This article says that Darul Uloom Deoband has instructed Madrassas to not accept Govt grants because they do not want to follow Govt regulations. The Darul calls this “Govt interference”. Is this a right step for the unity and secularism of our country? To quote the article:

We have our own disciplinary codes, uniforms as well as syllabus to follow and don’t want the government interfering in these matters. We don’t want the government to ask us for details of daily attendance of students and teachers and other such things.

Advertisements

January 23, 2018

Different title, same content

Filed under: India, social change, Uncategorized — neosurya @ 10:17

The same news article with a different title can give readers very different impressions to readers.

For instance, take this article in the Indian Express of Jan 23 2018. The title is:

Original version used by IE (Version 1): SC panel chief Ram Shankar Katheria ‘threatens’ cop in audio clip gone viral: Are you challenging Yogi? [This is clearly against the minister and favors cops]

Instead of this, let us change the title to the following:

Version 2: SC panel chief takes exception to cops who clear local SC/ST bazaar – Says Minorities commission will take action against errant officer. [For the minister, but paints cops as anti-SC]

Version 3: SC panel chief vs cops enforcing anti-encroachment. Who is correct?  [Borderline neutral in comparison with V1 and V2, but favors cops]

Version 4: SC panel chief pulls up cops who cleared minorities from the local bazaar. [Borderline neutral as compared to V1 and V2, but against cops]

Let the content be exactly the same, the title will totally change the readers perspective. And in these days of 100 media channels, who reads the article? At least in case of this specific article, it is mentioned that the minister was chairperson of National Commission for Scheduled Caste. I have seen articles that much worse in taking journalistic liberties.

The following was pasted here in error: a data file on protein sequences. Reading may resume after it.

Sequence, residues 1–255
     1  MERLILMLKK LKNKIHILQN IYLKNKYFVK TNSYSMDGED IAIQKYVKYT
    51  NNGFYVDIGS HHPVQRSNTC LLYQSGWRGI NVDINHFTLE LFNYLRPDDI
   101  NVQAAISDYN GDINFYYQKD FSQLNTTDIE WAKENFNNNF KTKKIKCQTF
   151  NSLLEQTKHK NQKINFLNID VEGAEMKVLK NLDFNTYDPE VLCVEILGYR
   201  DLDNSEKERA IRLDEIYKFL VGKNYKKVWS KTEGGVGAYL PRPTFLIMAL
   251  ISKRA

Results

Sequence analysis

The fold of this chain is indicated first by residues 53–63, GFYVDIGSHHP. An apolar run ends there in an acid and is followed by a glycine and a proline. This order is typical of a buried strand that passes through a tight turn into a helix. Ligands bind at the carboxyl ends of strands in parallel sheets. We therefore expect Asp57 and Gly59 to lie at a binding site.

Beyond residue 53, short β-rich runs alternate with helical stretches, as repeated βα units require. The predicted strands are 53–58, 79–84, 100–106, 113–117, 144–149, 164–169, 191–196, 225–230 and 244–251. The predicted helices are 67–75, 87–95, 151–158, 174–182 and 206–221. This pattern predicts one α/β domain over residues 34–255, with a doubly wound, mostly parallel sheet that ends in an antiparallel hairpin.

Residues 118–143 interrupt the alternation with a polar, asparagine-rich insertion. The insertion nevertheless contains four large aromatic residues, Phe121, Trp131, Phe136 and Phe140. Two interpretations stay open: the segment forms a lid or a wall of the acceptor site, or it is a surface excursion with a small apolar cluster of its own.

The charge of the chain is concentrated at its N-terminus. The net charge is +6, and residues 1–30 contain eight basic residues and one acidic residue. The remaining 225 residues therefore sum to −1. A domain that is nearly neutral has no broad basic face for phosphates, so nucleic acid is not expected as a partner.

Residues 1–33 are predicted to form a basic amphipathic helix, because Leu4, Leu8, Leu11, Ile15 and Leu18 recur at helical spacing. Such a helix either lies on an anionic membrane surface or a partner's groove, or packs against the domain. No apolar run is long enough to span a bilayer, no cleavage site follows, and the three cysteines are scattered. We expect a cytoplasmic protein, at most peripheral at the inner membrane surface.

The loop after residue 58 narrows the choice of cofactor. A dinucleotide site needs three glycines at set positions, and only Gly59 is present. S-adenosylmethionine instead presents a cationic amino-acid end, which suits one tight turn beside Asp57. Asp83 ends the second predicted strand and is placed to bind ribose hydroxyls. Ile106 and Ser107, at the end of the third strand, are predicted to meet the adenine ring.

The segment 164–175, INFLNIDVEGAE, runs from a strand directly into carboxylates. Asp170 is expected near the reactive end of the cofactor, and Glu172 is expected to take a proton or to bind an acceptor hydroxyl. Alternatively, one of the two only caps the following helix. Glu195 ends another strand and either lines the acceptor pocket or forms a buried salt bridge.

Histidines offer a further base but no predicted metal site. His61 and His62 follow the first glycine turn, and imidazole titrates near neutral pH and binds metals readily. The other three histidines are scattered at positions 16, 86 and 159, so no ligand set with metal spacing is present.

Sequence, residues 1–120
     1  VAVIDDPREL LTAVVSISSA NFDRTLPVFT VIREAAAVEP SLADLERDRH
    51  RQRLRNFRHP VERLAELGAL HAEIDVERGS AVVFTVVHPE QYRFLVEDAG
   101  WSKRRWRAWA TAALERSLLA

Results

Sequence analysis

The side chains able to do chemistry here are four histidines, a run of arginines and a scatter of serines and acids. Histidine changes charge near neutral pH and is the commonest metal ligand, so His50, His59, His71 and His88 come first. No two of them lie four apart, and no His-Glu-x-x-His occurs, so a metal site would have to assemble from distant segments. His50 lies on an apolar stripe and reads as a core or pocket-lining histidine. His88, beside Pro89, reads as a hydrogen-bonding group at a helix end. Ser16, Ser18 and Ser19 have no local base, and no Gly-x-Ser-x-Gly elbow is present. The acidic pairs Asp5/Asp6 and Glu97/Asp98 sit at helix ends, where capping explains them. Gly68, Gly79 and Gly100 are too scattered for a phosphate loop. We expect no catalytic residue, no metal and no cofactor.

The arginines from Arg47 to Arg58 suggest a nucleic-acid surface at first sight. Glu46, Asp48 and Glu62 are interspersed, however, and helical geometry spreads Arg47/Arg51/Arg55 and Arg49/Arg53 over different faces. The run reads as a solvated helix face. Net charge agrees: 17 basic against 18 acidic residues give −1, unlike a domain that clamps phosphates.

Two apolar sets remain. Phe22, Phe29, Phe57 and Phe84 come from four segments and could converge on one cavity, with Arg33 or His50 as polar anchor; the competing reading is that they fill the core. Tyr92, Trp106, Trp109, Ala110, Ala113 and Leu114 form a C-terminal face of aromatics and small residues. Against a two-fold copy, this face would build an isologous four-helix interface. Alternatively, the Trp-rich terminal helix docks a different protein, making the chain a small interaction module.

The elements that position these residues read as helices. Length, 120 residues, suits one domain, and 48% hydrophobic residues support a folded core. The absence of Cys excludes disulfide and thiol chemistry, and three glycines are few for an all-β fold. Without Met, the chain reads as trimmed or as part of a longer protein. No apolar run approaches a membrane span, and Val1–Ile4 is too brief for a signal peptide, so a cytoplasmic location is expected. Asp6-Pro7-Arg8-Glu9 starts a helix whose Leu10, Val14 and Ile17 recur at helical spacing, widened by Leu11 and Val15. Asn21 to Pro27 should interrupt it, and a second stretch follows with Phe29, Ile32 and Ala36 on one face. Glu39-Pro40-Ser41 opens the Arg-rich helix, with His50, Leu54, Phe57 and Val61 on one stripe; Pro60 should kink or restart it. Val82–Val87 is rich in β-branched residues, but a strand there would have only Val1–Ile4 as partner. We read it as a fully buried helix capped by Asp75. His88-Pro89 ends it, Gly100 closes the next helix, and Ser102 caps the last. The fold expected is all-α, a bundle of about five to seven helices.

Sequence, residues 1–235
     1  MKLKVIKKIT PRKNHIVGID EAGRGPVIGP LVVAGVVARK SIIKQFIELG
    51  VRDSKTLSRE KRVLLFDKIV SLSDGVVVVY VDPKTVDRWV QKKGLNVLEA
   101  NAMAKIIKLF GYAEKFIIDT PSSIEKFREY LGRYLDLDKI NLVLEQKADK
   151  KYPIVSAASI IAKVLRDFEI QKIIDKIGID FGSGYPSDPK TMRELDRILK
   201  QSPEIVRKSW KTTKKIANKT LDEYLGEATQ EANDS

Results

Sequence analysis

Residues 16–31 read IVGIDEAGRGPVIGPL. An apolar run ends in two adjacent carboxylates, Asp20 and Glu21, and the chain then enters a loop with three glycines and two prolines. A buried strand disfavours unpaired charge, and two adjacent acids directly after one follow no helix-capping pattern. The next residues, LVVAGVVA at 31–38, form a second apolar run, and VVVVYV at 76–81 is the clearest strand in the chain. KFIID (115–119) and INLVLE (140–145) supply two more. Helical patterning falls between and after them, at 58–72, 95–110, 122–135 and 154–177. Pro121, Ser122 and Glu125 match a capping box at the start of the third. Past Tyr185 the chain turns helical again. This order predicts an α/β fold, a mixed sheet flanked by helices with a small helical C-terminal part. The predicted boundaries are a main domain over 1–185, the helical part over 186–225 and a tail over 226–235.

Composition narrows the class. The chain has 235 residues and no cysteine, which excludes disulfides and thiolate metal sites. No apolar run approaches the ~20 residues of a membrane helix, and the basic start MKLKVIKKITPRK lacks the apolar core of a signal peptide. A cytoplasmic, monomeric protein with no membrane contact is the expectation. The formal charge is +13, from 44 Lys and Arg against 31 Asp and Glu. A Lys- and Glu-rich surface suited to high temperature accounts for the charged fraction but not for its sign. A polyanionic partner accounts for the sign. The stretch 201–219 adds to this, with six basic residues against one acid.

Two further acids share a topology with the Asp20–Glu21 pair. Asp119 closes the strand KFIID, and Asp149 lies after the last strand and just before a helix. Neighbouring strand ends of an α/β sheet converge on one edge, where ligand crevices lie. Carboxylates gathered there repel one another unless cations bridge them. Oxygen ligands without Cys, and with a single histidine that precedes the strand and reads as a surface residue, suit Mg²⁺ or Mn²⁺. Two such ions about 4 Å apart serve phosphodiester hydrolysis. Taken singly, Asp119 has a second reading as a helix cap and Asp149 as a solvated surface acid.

Disclaimer: I am not against or for any specific party, person. But I do feel media is wielding undue influence. The article is reproduced below for those who wish to read the whole thing:

In An audio clip that is being shared online, a voice, purportedly that of National Commission for Scheduled Caste chairperson and Agra MP from the BJP Ram Shankar Katheria, is heard threatening a policeman.

The clip begins with a man addressing Sub-Inspector Mahesh Pal Yadav, in-charge of Bodala outpost in Agra. He claimed he was calling from the “MP’s house”, and that several people had arrived there complaining that Yadav did not allow them to hold a bazaar in the area. He seemed to be referring to an anti-encroachment drive in the area earlier. The S-I is purportedly heard saying he was merely following instructions of the SSP.

The man then ostensibly hands over the phone to Katheria. “Mahesh Pal Yadav-ji, Yadav ho tou gunda to nahi na ho tum. Yogi ko challenge karte ho?… Naukri kha jaunga aur jail bhej doonga dubara bakwas ki to (You maybe a Yadav but you are no thug. You dare challenge Yogi?… You will be dismissed and sent to jail if you do any mischief again),” the voice is heard telling the S-I.